This is a rush transcript from "Special Report," November 10, 2011. This copy may not be in its final form and may be updated.
BRET BAIER, ANCHOR: A decision by the White House today not to decide. After weeks of pressure from environmentali sts came this statement about the Keystone XL pipeline from Canada to the Gulf of Mexico. They decided to delay the project, quote, "Because this permit decision could affect the health and safety of the American people as well as they environment, and because a number of concerns have been raised through a public process we should take the time to ensure that all question are properly addressed and all the potential impacts are properly understood."
That quickly got a response from the House speaker who wrote, in part, "More than 20,000 new American jobs have just been sacrificed in the name of political expediency. By punting on the project, the president has made clear that campaign politics are driving U.S. policy decisions - at the expense of American jobs."
We're back with the panel. It was touted obviously by environmentalist groups left and right. Charles?
CHARLES KRAUTHAMMER, SYNDICATED COLUMNIST: Well, look, on the merits, it's a terrible decision. It's not gonna have any effect on the climate. The Canadians will develop this Tarzan oil and ship it over to China if not us. It's -- all the excuses about it are bogus; it would reduce our dependence on unstable regimes abroad.
But it's the process that is really amazing. The New York Times has this story not in the "Nation" section but in the "Politics." And it reports, it says that for days, the administration has been exploring ways to actually postpone this decision, not to improve it or to make it safer, but postpone it until after the election. The Washington Post reports that the political arm of the administration has said that had they approved the pipeline it would not have gotten them one vote. It also reports that the head of the Wildlife Federation has said they and others who opposed this project will now support Obama 2008. This is a president accuses Republicans every day of putting the nation over party, politics over the national interest. This is an egregious example of that, the most egregious that I think this administration has made yet.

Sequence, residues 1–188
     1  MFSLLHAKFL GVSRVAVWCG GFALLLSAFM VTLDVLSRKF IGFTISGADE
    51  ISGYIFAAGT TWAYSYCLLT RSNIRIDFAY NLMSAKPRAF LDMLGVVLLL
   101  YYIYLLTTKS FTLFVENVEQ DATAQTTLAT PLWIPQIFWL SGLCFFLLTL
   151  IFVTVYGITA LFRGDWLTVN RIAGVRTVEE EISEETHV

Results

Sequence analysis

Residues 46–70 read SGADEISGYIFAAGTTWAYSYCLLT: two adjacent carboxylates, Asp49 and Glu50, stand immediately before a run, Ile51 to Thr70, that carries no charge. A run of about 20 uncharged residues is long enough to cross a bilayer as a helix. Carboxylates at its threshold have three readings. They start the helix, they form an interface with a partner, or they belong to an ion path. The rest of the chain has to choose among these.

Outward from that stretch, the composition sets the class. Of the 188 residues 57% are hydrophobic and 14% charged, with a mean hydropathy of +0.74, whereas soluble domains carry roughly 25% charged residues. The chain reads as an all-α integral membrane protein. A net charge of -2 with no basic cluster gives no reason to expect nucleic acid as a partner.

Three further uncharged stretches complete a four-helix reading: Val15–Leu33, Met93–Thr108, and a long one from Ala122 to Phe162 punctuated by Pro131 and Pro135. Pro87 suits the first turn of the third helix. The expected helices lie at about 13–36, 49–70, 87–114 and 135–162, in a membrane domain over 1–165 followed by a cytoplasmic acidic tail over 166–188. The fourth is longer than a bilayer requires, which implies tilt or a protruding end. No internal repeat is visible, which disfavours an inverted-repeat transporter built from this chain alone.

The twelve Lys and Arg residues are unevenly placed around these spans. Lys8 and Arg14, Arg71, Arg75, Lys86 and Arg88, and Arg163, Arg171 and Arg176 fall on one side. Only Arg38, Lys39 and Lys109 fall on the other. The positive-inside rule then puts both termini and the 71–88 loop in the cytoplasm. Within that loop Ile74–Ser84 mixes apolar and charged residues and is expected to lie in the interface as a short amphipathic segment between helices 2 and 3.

CHARLES LANE, EDITORIAL WRITER, WASHINGTON POST: Well, honestly, I have no idea whether this pipeline is a jobs bonanza or an environmental disaster or what. But I am pretty sure that two things can be said. One, it's an awfully long time to make the decision. Even if it had been made now, 18 months to go through this thing. What couldn't be figured out or understood in that much time? That's point number one. Point number two, the president is almost transparently caught between two powerful constituencies in his party, labor unions on the one hand who are eager to build this thing, and environmentalists on the other. And he has this enthusiasm gap problem. It looks like the unions are enthusiastic as we just saw in Ohio. But environmentalists were not so much, and that may have tipped the balance.
BAIER: Speaker Gingrich has said in middle of 9 percent unemployment the president is doing what he used to do as a state senator, vote present, obviously coming under attack for this non-decision, Steve.
STEVE HAYES, SENIOR WRITER, THE WEEKLY STANDARD: Yeah, it's clearly a punt. I think it's as much ideological, though, as it is political. And I think they're related. If it's a political decision it strikes me as an incredibly short-sighted political decision, because he's now gonna be beat up for a week by Republicans and by others for doing something that is in effect a job-killer. Whatever merits are, you see estimates of 20,000 jobs lost and the immediate construction of about 100,000 plus jobs potentially down the road.
BAIER: According to the --
HAYES: According to the people who want to build the pipeline. He is going to be beat up about this. This is going to be something that's thrown around. If you look at the Gallup polls or the Pew polls about what the issues voters care most about, number one is jobs. Number two is the economy. And together they total about 76 percent. On that list, which is an open-ended question, the environment rates as an asterisk, which means it gets less than 0.5 of one percent. If this is a political play, it's a payoff to please his base and I think a response to threats from the environmental groups that they would sit out if he didn't do this.
LANE: Well, you know this issue goes wider. And that is an issue of the tremendous time it takes now in the United States of America to do any large building project, whether it's a pipeline like this, whether it's even a big solar energy panel out in the desert that the president wants. The red tape is crazy-making. It takes months and months. And what happens is people can jump in at any point in the process and short circuit it.
KRAUTHAMMER: It's not a red tape issue. It's a political decision.
BAIER: That is it for the panel. But stay tuned for a president who is internalizing a little bump in the polls.
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